Shanghai will gradually begin reopening businesses such as shopping malls and hair salons in China’s financial and manufacturing hub from today after weeks in strict Covid-19 lockdown, while Beijing battles a small but stubborn outbreak.
All but shut down for more than six weeks, Shanghai is tightening curbs in some areas that it hopes marks a final push in its campaign against the virus, which has infuriated and exhausted residents of China’s largest and most cosmopolitan city.
Shopping malls, department stores, and supermarkets will begin resuming in-store operations and allow customers to shop in “an orderly way”, while hair salons and vegetable markets will reopen with limited capacity, vice mayor Chen Tong told a media briefing yesterday.
He gave no specifics on the pace or extent of reopenings, and many residents in the city of 25mn reacted online with scepticism.
“Who are you lying to? We can’t even go out of our compound. You can open up, no one can go,” said a user of China’s Twitter-like Weibo, whose IP showed as being from Shanghai.
During Shanghai’s lockdown, residents have been mainly limited to buying necessities, with normal online shopping largely suspended due to a shortage of couriers.
And while barbers and hairdressers have been giving haircuts on the street or in open areas of housing compounds, residents recently able to leave homes for brief outings to walk or buy groceries have generally appeared more dishevelled than usual.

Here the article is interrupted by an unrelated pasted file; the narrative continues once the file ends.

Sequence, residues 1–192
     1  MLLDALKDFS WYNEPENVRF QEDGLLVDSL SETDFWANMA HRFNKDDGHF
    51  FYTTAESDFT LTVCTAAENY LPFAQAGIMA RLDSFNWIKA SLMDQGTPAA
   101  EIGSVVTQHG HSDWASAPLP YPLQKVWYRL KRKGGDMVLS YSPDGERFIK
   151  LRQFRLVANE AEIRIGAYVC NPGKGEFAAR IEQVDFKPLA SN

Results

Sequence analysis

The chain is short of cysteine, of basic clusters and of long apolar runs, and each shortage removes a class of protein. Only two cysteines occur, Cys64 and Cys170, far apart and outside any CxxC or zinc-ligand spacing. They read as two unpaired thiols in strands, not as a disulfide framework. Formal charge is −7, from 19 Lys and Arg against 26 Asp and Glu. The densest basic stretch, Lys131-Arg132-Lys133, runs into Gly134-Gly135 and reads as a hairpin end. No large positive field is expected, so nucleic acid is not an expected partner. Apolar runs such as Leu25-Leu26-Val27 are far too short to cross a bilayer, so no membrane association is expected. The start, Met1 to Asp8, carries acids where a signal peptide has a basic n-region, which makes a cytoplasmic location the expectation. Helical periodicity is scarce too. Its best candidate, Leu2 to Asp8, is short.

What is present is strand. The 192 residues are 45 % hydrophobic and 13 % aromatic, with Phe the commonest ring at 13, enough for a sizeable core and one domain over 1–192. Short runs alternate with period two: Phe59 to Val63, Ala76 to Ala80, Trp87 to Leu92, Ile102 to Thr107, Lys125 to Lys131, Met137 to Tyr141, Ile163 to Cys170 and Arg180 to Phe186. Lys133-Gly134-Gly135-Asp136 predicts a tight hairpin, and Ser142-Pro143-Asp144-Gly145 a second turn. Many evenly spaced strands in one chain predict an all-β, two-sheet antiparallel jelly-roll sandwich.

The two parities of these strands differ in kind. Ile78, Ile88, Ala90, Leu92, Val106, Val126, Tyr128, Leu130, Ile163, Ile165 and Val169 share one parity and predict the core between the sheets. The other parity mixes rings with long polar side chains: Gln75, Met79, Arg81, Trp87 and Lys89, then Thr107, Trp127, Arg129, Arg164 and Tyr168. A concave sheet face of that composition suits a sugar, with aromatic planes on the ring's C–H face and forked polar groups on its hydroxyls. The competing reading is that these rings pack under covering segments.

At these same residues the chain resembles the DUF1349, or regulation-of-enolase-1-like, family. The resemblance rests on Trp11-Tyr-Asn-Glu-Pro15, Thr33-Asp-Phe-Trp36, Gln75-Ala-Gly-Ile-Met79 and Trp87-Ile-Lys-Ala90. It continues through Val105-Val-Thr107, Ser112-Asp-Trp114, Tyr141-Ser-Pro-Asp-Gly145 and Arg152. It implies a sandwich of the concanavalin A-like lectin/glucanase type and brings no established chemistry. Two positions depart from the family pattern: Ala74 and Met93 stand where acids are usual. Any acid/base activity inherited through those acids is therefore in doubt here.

In one hopeful sign, Shanghai’s subway operator began testing trains on its vast network in preparation for reopening, a local government media outlet reported, but gave no indication of when it will do so.
Shanghai residents have been frustrated by unclear or inconsistent rules as the city makes tentative steps towards easing curbs.
In the Changning district yesterday, a woman began walking her dog before being told by a policeman to go home. “The lockdown hasn’t lifted!”, the policeman shouted.
China’s strict “dynamic zero” approach to Covid has put hundreds of millions of people in dozens of cities under curbs of varying degrees in an attempt to eliminate the spread of the disease.
The curbs are wreaking havoc on the world’s second-largest economy and rattling global supply chains even as most countries try to return to normal life despite continued infections.
New bank lending hit the lowest in nearly four-and-half-years in April as the pandemic jolted the economy and weakened credit demand, central bank data showed on Friday.
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